"现在两点整。"

Translation:It's two o'clock sharp.

November 26, 2017

107 Comments
This discussion is locked.


https://www.duolingo.com/profile/AlexTse3

We don't really say "sharp" in English. Maybe "exactly" would be better


https://www.duolingo.com/profile/Gabrielle145359

Some people do. I think it's more of an older generation thing.


https://www.duolingo.com/profile/Phill858962

I might say sharp if specifying a future appointment or something similar but not when describing the present moment.


https://www.duolingo.com/profile/William_Avery

Its exactly right that "sharp" is generally used in warnings such as "You need to be there by ..." or "I will be leaving at..."


https://www.duolingo.com/profile/SimonSprin1

Good point. Have a Lingot!


https://www.duolingo.com/profile/ElTecolotito666

If they had a native English-speaking person proofreading the English translations they would surely know this, but they clearly don't.


https://www.duolingo.com/profile/RajasDaithankar

What is a "native English speaker"?

Does he or she spell color as colour?

Does he or she say "on the weekend" or "at the weekend"?

Does he or she say words like "juggernaut"?

Which country has the largest English speaking population by the way? Do you know?


https://www.duolingo.com/profile/roman2095

It just means that you come from a country that has English as the main language and were brought up with English as your mother tongue. It does not mean you come from England.


https://www.duolingo.com/profile/Leo859566

man you have some good point. why do you have so many dislikes


https://www.duolingo.com/profile/purplelotus88

?? What a weird thing to say. It is absolutely still used.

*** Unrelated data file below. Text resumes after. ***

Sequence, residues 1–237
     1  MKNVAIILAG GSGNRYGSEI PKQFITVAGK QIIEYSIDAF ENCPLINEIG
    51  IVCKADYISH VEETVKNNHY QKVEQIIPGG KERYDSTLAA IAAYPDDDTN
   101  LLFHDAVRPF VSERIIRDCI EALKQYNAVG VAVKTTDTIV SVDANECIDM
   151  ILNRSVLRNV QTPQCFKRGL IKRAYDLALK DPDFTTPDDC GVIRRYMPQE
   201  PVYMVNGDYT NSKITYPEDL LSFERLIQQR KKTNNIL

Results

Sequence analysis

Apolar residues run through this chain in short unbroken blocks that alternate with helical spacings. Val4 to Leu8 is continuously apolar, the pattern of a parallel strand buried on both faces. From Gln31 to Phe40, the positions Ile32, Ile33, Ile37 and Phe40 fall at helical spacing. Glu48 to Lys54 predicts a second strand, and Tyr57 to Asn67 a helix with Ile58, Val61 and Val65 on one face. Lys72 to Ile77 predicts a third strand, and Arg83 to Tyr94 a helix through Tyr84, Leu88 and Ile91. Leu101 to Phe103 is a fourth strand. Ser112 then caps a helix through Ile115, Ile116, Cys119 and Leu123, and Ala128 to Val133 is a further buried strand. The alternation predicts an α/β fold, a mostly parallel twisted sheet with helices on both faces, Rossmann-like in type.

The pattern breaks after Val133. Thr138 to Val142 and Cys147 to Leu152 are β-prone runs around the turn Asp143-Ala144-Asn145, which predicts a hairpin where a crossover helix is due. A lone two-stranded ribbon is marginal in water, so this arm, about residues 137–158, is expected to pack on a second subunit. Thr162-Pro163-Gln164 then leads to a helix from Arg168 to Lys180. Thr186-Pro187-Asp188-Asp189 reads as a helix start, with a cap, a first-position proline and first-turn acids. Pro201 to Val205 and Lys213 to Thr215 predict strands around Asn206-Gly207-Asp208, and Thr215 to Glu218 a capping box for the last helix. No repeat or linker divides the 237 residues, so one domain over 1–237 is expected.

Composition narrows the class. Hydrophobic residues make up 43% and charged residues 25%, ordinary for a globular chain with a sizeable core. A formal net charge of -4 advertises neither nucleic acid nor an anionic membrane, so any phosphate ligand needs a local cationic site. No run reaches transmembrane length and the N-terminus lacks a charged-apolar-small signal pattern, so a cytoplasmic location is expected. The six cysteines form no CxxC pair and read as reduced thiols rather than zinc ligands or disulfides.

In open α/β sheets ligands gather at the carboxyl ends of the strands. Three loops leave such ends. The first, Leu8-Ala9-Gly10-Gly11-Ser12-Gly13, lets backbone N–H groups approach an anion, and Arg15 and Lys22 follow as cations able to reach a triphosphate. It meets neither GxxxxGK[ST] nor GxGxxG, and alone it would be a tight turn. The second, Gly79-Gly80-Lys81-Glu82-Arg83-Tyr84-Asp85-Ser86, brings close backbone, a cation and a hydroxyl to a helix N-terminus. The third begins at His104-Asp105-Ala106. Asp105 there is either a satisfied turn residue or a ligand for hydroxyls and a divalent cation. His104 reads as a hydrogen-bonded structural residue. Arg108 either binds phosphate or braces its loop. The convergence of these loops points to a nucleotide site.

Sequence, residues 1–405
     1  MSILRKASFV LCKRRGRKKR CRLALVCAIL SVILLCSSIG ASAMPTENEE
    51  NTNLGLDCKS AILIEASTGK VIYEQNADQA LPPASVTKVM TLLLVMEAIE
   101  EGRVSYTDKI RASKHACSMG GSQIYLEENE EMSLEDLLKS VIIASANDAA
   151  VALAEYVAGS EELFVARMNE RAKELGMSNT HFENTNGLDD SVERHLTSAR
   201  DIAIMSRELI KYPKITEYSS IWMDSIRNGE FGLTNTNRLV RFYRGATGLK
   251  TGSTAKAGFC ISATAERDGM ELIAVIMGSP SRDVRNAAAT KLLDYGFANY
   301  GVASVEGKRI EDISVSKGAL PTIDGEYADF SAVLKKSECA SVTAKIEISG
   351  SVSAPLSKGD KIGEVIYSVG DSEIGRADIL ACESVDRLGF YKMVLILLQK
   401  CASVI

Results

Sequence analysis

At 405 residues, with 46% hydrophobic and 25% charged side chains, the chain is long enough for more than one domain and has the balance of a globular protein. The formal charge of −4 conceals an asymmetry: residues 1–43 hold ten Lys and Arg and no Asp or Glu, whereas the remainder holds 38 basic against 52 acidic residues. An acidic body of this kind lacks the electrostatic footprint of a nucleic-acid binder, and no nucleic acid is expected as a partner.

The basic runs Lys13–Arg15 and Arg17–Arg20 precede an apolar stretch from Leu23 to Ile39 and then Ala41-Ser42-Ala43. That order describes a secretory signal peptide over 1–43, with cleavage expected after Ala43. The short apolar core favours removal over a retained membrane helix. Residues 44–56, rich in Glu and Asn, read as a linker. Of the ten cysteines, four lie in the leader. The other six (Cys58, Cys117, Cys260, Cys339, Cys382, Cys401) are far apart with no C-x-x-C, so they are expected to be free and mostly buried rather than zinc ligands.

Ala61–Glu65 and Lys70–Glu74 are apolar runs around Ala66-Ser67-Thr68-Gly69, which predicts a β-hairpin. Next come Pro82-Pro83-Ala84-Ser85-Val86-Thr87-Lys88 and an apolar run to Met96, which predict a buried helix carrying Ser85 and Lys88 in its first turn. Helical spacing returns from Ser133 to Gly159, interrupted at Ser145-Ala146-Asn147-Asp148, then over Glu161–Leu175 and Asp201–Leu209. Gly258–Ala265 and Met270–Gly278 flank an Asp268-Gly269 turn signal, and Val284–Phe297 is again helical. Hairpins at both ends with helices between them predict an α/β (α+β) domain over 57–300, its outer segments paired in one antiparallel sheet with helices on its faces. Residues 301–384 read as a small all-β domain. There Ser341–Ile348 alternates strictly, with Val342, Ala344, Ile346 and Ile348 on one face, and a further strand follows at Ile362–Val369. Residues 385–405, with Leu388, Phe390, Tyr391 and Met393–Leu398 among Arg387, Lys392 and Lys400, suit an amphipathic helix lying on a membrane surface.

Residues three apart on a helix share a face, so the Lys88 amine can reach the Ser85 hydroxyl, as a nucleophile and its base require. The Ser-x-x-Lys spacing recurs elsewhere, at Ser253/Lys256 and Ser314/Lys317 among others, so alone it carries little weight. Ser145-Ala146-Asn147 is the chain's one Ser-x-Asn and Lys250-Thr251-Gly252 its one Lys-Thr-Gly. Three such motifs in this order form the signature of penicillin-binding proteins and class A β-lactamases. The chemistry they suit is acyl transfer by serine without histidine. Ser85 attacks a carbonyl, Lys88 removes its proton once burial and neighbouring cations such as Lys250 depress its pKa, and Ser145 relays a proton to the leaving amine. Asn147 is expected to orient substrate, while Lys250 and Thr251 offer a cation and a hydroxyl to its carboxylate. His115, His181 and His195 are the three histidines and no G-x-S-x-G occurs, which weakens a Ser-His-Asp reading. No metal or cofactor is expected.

https://www.duolingo.com/profile/Kivolamuzikisto

"Exactly" is now accepted


https://www.duolingo.com/profile/phb2013

I wrote "It is exactly two o'clock" which was rejected.


https://www.duolingo.com/profile/ABA_BAB

same here and rejected (May 2021)


https://www.duolingo.com/profile/Eoin790683

No it isn't. It's fairly commonly used.


https://www.duolingo.com/profile/JohnTurnbu7

That is how I use "sharp" as a native English speaker. Means exactly, no being a few minutes late.


https://www.duolingo.com/profile/Mohamed710700

I added you as a friend


https://www.duolingo.com/profile/neil.shah__

"It is 2:00 sharp" should be accepted as well


https://www.duolingo.com/profile/Hung130268

What does the translation mean? It should be: now it's 2 O'clock??


https://www.duolingo.com/profile/Swansae

整 here literally means "complete". We are saying "it's exactly 2 o'clock."


https://www.duolingo.com/profile/DavidEllio14

It means at exactly two o'clock However we normally use it to mean an exact time to meet up such as: I'll meet you at two o'clock sharp.


https://www.duolingo.com/profile/DavidEllio14

It means its exactly two o'clock


https://www.duolingo.com/profile/IanSavage31

I thought it would just be 2 o clock sharp, but now I learned that if there is not a subject for the time, usually it will translate to "it" or "it's."


https://www.duolingo.com/profile/chrisf498217

I think 'sharp' is usually only used when arranging a time... "see you at 3pm sharp", not when reporting a time... "It's exactly 3pm"